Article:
SandBar User Guide
Toolbars form the base class from which the other bar controls in SandBar derive. They contain a collection of items, which all derive from ToolbarItemBase. Toolbars and their derivatives can be either shown in a standalone state, where a Toolbar control is simply added to your form, or as part of a SandBar layout, where it is added to a special container by your SandBarManager.
Docked toolbars are grouped together in to lines by their parent control. There can be multiple lines docked at any side of your form, and multiple toolbars in each line. In its line, a toolbar is offset from the beginning of the line by a given amount, usually chosen by the user by dragging the toolbar. To change this programmatically, use the DockLine and DockOffset properties. Toolbars can optionally take up an entire line to themselves, and not allow any other toolbars to dock with them. This is accomplished by setting the Stretch property.
The item layout engine in toolbars is very powerful. It supports both horizontal and vertical layout of items, in either left-to-right or right-to-left reading order. This layout engine is at the core of all the SandBar classes. When using a toolbar in a standalone state you can manually control whether items are laid out horizontally or vertically with the Flow property. When the toolbar is part of a layout, the flow is governed by whether the toolbar is docked at the top or bottom (horizontal layout) or left or right (vertical layout).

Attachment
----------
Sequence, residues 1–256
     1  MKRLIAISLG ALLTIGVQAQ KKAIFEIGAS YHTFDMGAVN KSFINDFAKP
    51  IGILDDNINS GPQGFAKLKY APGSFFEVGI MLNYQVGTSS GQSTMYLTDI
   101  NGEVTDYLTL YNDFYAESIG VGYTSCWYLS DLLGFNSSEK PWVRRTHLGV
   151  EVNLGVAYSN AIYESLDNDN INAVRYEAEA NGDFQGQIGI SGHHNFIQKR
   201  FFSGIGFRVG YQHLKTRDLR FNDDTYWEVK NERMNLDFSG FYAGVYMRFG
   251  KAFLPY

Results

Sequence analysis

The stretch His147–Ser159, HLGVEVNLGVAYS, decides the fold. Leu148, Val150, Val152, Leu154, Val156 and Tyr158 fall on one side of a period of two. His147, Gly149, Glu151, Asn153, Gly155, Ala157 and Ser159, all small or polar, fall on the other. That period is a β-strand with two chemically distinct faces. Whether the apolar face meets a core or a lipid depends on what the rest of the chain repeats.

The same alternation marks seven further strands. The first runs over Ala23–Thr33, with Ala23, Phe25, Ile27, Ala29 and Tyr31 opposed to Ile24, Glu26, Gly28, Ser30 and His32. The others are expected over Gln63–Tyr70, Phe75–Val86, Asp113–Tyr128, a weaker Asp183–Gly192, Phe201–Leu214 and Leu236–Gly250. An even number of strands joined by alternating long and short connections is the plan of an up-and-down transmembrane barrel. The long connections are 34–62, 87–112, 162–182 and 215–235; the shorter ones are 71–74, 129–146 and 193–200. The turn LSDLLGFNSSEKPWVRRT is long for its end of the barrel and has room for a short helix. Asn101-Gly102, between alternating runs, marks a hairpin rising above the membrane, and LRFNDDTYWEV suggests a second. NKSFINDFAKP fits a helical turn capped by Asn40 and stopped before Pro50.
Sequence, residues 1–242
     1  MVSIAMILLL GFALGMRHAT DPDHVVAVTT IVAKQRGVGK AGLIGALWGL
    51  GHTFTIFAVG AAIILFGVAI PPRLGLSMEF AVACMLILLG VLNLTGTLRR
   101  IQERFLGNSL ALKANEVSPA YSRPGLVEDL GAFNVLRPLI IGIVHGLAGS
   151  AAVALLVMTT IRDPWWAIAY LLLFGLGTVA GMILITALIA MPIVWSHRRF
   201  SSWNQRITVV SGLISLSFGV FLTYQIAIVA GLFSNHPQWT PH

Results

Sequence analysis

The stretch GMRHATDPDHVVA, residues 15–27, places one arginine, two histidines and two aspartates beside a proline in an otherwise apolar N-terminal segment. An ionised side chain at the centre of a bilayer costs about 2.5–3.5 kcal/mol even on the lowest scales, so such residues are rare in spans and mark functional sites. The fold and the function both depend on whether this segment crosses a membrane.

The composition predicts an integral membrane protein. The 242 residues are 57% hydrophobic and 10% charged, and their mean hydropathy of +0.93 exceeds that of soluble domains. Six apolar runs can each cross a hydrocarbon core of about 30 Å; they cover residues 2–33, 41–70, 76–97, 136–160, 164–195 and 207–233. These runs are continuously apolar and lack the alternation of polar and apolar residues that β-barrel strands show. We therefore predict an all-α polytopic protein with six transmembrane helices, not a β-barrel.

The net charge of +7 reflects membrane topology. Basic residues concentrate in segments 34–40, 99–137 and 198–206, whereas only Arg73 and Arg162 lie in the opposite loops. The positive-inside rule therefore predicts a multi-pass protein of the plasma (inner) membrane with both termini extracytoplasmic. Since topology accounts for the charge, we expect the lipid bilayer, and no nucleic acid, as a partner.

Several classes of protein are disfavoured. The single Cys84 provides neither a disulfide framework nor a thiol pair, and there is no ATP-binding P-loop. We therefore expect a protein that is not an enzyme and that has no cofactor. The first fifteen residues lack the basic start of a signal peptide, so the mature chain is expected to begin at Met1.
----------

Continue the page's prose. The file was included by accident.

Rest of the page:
Screen real estate is often limited, and for this reason toolbars may need to be shrunk from time to time. When a container is not wide enough to show all the toolbars on one line, the toolbars are decreased in size proportionally. When this happens, the items held within the toolbar are either hidden or wrapped to a new line. This behaviour is governed by the Overflow property. By default, items are hidden from view but are accessible by clicking on the chevron at the end of the toolbar.
Items within toolbars can be assigned a level of importance, so that when space is limited the less important items are hidden first. There are five levels of importance that you can assign to an item's ItemImportance property. This will only take effect when the Overflow property of the toolbar is set to Hide or Chevron.
Right-to-left layout of items in toolbars does not happen automatically, even if the form's RightToLeft property is set. To allow it, set the toolbar's AllowRightToLeft property. This behaviour is taken from Microsoft Office, where menus support right-to-left layout by default but toolbars do not.
Toolbars have several properties that goven how the toolbar may be interacted with by the user:
The MenuBar control extends the ToolBar control to provide menuing facilities. It is fully aware of the MDI architecture and will display appropriate buttons for controlling the layout of MDI windows present in your form. MenuBar changes the default value of the Stretch property to true, so it takes up a whole line by itself in a container, the AllowRightToLeft property to true, so menu items are automatically right-to-left aware when displayed in an appropriate locale.
MenuBars are responsible for listening for keyboard accelerators so they can activate the corresponding item. They must also be aware of the form they are situated in so they can listen for MDI events. If you are using a SandBar layout this will be taken care of automatically, but if you are using a standalone MenuBar control you should ensure its OwnerForm property is correctly set.
When dealing with MDI forms, the SandBar MenuBar can show either all three mdi buttons (close, restore or minimize), close only, or none at all. This is governed by the MdiButtonDisplay property. You can also choose to turn off the display of the MDI system menu and icon by setting the ShowMdiSystemMenu property to false.